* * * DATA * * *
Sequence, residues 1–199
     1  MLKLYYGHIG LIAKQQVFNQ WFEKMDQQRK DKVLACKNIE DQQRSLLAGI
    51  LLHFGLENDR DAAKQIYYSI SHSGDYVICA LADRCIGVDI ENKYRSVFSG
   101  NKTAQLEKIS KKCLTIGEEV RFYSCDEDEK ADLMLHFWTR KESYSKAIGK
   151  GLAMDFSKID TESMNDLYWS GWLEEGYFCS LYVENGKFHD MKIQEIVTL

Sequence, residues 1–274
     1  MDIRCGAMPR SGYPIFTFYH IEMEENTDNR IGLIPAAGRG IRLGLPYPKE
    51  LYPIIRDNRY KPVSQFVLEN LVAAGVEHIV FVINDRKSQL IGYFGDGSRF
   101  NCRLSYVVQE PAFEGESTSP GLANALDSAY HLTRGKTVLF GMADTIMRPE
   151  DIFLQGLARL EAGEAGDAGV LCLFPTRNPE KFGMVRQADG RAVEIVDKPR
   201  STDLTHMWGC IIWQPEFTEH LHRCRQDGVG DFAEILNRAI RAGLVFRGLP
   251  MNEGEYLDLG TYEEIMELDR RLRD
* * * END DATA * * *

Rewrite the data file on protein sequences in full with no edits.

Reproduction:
Sequence, residues 1–199
     1  MLKLYYGHIG LIAKQQVFNQ WFEKMDQQRK DKVLACKNIE DQQRSLLAGI
    51  LLHFGLENDR DAAKQIYYSI SHSGDYVICA LADRCIGVDI ENKYRSVFSG
   101  NKTAQLEKIS KKCLTIGEEV RFYSCDEDEK ADLMLHFWTR KESYSKAIGK
   151  GLAMDFSKID TESMNDLYWS GWLEEGYFCS LYVENGKFHD MKIQEIVTL

Sequence, residues 1–274
     1  MDIRCGAMPR SGYPIFTFYH IEMEENTDNR IGLIPAAGRG IRLGLPYPKE
    51  LYPIIRDNRY KPVSQFVLEN LVAAGVEHIV FVINDRKSQL IGYFGDGSRF
   101  NCRLSYVVQE PAFEGESTSP GLANALDSAY HLTRGKTVLF GMADTIMRPE
   151  DIFLQGLARL EAGEAGDAGV LCLFPTRNPE KFGMVRQADG RAVEIVDKPR
   201  STDLTHMWGC IIWQPEFTEH LHRCRQDGVG DFAEILNRAI RAGLVFRGLP
   251  MNEGEYLDLG TYEEIMELDR RLRD